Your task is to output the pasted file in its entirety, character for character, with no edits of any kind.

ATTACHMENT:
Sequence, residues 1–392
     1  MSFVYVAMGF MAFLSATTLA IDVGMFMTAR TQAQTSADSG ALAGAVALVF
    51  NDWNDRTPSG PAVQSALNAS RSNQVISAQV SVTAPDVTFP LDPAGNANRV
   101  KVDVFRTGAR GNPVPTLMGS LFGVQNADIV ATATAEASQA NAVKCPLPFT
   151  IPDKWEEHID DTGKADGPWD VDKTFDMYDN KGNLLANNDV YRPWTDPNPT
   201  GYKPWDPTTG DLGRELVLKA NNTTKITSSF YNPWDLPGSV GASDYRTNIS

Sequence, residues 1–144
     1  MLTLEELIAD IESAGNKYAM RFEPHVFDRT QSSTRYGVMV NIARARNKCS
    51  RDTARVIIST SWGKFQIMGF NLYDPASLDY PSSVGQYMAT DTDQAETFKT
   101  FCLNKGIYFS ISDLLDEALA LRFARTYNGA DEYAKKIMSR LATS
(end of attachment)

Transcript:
Sequence, residues 1–392
     1  MSFVYVAMGF MAFLSATTLA IDVGMFMTAR TQAQTSADSG ALAGAVALVF
    51  NDWNDRTPSG PAVQSALNAS RSNQVISAQV SVTAPDVTFP LDPAGNANRV
   101  KVDVFRTGAR GNPVPTLMGS LFGVQNADIV ATATAEASQA NAVKCPLPFT
   151  IPDKWEEHID DTGKADGPWD VDKTFDMYDN KGNLLANNDV YRPWTDPNPT
   201  GYKPWDPTTG DLGRELVLKA NNTTKITSSF YNPWDLPGSV GASDYRTNIS

Sequence, residues 1–144
     1  MLTLEELIAD IESAGNKYAM RFEPHVFDRT QSSTRYGVMV NIARARNKCS
    51  RDTARVIIST SWGKFQIMGF NLYDPASLDY PSSVGQYMAT DTDQAETFKT
   101  FCLNKGIYFS ISDLLDEALA LRFARTYNGA DEYAKKIMSR LATS